And so, witnessing is not about us.  When someone is on the witness stand, he’s not supposed to talk about how he felt about the events he describes, or what those events did for him personally, he’s simply supposed to describe the events themselves.  What those events mean to him personally doesn’t help anybody decide a court case.  The facts (to quote detective Friday), are what matters.  In other words, witnesses are supposed to be objective, not subjective.  And that’s true of Christian witnessing as well.  It’s not about how our own lives have been changed or how we feel about Jesus, it’s all about what He did for us in order to bring us out of sin and death to eternal life.

And so, its the objective report, the objective description, of what Jesus did for us that forms the content of our witness.  But it is precisely through that report, that testimony that the Holy Spirit works.  God’s Word really does do what it says.  Even today, when His Word is proclaimed from the pulpit and confessed by Christians wherever they may be, the Word creates in its hearers the reality of repentance from sin and faith toward God.  And, because we ourselves are sinners, it’s the power of the Word itself, not any power within ourselves, that does the converting.  The Holy Spirit Himself makes His hearers into those who can report concerning what they have seen and heard.

That’s simply what Christians do.  They testify concerning what they have seen and heard.  It’s what we do every Sunday morning as we say and sing back to God and to one another what He first spoke to us.  It’s what we do when, in our natural conversations with our friends and neighbors, the subject of our faith becomes the topic of conversation and we get the opportunity to tell the good news of what Jesus did for them as well.  And it’s what we do in more organized fashion when the Church sends missionaries and pastors out to preach that Word publicly.  It’s what we do when we support those missionaries in various ways, using the time, talents, and treasure He has given each of us.  In our own church body, the Lutheran Women’s Missionary League has been a very successful organization at organizing and focusing that support, not to mention encouraging and assisting its own members to testify when and where the opportunity arises to the great things they’ve seen and heard concerning Jesus’ death and resurrection.  This is a valuable service which has promoted in many, many ways the witness to Jesus Christ throughout the world, and we certainly give thanks for everything that has been accomplished by means of this organization.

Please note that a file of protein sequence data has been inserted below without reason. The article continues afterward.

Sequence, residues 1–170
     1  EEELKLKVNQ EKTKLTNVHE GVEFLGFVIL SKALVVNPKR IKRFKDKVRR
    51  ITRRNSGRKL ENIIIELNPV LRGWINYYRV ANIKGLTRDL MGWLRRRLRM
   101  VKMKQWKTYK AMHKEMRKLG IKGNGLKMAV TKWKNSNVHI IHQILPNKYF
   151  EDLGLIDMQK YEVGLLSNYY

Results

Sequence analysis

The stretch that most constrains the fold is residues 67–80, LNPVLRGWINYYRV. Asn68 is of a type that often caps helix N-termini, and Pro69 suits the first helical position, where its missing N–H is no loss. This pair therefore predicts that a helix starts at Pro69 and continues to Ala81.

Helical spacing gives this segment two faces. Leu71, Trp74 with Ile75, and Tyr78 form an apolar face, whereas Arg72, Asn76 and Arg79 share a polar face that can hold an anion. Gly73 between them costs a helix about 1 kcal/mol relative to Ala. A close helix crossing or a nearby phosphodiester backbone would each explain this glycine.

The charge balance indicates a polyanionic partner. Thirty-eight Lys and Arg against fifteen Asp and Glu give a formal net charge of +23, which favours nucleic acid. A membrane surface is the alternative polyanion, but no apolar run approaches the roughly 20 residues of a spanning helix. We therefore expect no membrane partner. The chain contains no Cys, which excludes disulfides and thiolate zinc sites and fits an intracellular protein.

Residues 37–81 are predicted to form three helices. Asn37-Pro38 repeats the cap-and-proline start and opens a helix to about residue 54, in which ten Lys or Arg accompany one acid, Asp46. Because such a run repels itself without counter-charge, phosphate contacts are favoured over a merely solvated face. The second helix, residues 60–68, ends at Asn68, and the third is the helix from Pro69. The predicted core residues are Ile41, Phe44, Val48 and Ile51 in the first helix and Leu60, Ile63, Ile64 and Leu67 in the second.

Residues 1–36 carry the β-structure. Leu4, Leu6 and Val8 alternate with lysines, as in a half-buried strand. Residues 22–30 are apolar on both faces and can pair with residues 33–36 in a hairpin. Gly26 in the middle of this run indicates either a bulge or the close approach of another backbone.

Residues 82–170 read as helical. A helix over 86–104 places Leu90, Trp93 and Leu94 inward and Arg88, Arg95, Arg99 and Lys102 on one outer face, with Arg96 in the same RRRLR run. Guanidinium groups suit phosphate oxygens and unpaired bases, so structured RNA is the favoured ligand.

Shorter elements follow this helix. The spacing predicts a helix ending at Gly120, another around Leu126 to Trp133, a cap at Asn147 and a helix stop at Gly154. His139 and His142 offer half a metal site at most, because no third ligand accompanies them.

But, even though it is a good thing to recognize and thank God for what He has done through this and other organizations, the testimony itself is not about us.  It’s not about what we may have done for the kingdom.  It’s not even about what the LWML has done for the kingdom, or the Cross and Crown Society.  It’s about what God does for us in sending Jesus to die and rise again, in washing us clean from our sins by joining us to that death and resurrection, and in giving us His own body to eat and His blood to drink.  That’s what we testify.  That’s what God proclaims through us.  That’s what the Word does, as we witness, as we testify, what happened to us in the death and resurrection of Jesus Christ.

+Soli Deo Gloria+